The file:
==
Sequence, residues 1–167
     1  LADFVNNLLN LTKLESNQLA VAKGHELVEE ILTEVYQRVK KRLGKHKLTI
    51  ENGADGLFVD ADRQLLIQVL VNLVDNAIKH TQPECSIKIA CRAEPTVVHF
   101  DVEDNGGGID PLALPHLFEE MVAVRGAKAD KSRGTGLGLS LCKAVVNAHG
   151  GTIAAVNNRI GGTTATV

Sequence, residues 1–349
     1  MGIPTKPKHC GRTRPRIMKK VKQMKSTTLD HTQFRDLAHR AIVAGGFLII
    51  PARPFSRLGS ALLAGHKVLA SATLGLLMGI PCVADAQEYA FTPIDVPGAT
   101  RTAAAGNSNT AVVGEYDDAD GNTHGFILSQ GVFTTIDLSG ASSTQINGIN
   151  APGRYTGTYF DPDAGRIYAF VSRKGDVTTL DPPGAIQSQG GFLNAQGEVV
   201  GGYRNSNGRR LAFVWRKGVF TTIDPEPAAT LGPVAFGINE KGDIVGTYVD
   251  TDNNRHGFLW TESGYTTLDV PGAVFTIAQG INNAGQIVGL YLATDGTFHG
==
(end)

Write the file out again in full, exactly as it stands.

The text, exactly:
Sequence, residues 1–167
     1  LADFVNNLLN LTKLESNQLA VAKGHELVEE ILTEVYQRVK KRLGKHKLTI
    51  ENGADGLFVD ADRQLLIQVL VNLVDNAIKH TQPECSIKIA CRAEPTVVHF
   101  DVEDNGGGID PLALPHLFEE MVAVRGAKAD KSRGTGLGLS LCKAVVNAHG
   151  GTIAAVNNRI GGTTATV

Sequence, residues 1–349
     1  MGIPTKPKHC GRTRPRIMKK VKQMKSTTLD HTQFRDLAHR AIVAGGFLII
    51  PARPFSRLGS ALLAGHKVLA SATLGLLMGI PCVADAQEYA FTPIDVPGAT
   101  RTAAAGNSNT AVVGEYDDAD GNTHGFILSQ GVFTTIDLSG ASSTQINGIN
   151  APGRYTGTYF DPDAGRIYAF VSRKGDVTTL DPPGAIQSQG GFLNAQGEVV
   201  GGYRNSNGRR LAFVWRKGVF TTIDPEPAAT LGPVAFGINE KGDIVGTYVD
   251  TDNNRHGFLW TESGYTTLDV PGAVFTIAQG INNAGQIVGL YLATDGTFHG